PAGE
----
- The Washington Times
Wednesday, November 16, 2022

The New York City Taxi and Limousine Commission voted Tuesday to raise the pay of cab drivers and hence will boost metered fares 23%, the first such increase since 2012.

Rates for rush hour, overnight and airport-related trips will also rise, as will the per-minute and per-mile rates of for-hire vehicles, such as Uber and Lyft.


“Raising taxi fare rates and minimum pay for high-volume drivers is the right thing to do for our city,” TLC Commissioner David Do said in a statement, according to Bloomberg.

The base rate for a taxi will go from $2.50 to $3, with the unit rate rising from 50 cents to 70 cents. The rush-hour surcharge will go from $1 to $2.50, the overnight surcharge from 50 cents to $1 and the taxi and street hail livery improvement surcharge from 30 cents to $1, according to a presentation from the TLC.

The presentation also denoted new fare changes regarding three NYC-area airports. The flat fare for a trip to John F. Kennedy International Airport is increasing from $52 to $70. 

Taxis to LaGuardia Airport will now have a $5 surcharge, and the surcharge for rides to Newark (N.J.) Liberty International Airport will rise from $17.50 to $20, according to the TLC.


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For-hire vehicle drivers, such as employees of Lyft and Uber, will receive a pay increase of 7% per minute and 24% per mile, according to Bloomberg. Taxi drivers will receive a 33% bump in revenue from the fare hikes, according to the TLC.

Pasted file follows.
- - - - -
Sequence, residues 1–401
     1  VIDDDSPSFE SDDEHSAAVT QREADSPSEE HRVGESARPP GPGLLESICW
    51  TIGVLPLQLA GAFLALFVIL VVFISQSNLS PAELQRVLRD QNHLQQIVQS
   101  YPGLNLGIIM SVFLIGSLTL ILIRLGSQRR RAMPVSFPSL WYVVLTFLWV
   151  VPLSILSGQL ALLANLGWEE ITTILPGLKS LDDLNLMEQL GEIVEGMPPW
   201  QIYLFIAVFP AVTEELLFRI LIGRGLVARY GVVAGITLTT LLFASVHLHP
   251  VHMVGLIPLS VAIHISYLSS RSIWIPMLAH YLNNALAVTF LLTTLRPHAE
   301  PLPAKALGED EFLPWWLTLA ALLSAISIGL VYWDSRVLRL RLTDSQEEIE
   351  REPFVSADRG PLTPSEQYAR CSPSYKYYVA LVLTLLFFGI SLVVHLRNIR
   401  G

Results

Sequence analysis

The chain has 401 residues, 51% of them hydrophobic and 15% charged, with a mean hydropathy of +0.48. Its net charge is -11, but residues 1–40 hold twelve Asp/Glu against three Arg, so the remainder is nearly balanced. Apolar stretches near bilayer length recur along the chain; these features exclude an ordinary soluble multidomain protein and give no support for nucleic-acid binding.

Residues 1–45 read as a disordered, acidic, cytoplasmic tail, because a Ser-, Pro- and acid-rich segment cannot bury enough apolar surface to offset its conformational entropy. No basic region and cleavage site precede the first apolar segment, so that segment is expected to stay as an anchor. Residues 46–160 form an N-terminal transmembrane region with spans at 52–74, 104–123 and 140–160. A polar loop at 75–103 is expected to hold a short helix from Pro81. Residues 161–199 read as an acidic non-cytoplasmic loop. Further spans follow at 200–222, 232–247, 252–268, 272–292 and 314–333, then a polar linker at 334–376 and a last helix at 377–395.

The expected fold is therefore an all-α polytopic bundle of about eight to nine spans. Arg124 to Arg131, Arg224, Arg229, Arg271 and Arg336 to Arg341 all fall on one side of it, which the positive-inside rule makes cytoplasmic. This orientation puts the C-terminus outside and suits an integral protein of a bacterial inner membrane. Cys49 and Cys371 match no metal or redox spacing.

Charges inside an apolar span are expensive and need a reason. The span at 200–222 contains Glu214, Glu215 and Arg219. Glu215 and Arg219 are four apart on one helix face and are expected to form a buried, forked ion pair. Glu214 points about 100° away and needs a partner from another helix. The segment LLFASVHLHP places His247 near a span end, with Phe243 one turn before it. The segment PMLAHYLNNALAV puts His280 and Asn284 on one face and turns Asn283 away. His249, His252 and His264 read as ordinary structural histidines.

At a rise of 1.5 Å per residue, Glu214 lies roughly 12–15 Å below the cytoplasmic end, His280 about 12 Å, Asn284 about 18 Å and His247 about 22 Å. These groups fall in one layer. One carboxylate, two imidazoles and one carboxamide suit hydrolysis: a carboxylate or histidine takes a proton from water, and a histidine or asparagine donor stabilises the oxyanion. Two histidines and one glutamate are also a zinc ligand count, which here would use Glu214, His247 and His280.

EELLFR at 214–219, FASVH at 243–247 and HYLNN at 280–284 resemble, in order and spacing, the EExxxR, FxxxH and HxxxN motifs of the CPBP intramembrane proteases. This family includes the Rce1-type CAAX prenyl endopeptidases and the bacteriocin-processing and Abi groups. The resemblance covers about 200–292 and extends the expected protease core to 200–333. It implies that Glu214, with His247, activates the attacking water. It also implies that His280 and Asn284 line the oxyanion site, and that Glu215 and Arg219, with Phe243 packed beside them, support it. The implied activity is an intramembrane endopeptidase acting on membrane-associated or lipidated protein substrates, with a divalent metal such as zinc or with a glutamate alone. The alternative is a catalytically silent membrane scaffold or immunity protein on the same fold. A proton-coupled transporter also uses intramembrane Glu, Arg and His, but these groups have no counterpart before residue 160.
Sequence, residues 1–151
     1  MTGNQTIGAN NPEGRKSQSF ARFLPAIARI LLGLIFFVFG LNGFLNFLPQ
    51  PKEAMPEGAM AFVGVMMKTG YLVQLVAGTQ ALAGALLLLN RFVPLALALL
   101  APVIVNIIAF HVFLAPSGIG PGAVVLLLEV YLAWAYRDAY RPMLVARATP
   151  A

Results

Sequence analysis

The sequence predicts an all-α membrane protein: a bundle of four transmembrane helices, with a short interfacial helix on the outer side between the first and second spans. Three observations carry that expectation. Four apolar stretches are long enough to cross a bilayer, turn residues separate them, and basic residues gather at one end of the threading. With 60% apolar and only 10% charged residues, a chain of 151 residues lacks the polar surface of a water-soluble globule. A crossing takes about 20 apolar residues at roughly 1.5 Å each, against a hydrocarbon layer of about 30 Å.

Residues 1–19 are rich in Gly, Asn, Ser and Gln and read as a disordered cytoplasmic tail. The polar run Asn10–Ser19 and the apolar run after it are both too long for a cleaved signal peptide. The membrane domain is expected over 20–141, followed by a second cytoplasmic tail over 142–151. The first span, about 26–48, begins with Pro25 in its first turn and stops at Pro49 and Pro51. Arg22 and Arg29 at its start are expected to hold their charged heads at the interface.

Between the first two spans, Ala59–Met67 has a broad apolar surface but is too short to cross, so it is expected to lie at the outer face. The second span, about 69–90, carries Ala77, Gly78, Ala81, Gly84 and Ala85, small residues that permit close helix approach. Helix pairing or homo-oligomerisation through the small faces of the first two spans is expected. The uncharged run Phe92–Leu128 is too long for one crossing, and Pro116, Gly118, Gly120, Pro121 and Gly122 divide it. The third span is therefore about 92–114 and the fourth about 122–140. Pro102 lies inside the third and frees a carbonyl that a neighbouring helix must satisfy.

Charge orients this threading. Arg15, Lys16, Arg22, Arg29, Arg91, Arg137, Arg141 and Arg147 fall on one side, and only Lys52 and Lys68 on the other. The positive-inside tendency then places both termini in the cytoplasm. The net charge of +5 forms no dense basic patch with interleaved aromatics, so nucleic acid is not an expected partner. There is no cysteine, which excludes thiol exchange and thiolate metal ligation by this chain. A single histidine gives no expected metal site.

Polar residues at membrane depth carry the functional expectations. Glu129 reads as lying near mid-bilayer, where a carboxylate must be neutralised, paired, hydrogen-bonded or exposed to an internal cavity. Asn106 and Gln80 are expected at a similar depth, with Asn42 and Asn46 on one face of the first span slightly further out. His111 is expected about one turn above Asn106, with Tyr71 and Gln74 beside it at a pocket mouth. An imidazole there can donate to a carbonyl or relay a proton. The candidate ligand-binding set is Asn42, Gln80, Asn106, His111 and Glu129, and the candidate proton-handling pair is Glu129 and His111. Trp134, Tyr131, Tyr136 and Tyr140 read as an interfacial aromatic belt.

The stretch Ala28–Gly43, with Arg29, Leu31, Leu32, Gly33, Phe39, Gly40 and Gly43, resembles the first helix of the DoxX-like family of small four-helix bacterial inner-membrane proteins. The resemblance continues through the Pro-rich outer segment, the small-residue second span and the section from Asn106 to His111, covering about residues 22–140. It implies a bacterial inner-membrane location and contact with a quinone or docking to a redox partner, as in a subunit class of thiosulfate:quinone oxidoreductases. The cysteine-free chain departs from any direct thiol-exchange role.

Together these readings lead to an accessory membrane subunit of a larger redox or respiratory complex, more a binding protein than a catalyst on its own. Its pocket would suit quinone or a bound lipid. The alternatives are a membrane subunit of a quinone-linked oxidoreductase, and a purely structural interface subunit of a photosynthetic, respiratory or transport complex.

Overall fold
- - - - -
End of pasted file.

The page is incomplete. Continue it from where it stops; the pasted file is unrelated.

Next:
Drivers welcomed the pay increase.

“After a year of all drivers having to choose between food and fuel, and a decade of not just stagnation but loss for yellow cab drivers in particular, we’re relieved to see the raise be voted on,” Bhairavi Desai, executive director of the New York Taxi Workers Alliance, told Bloomberg in a statement.

Brendan Sexton, president of the Independent Drivers Guild that represents some app drivers, told the New York news site Gothamist in a statement, “This increase to the minimum pay is critical and an important step to protect the 80,000 rideshare drivers who keep our city moving.”

• Brad Matthews can be reached at bmatthews@washingtontimes.com.


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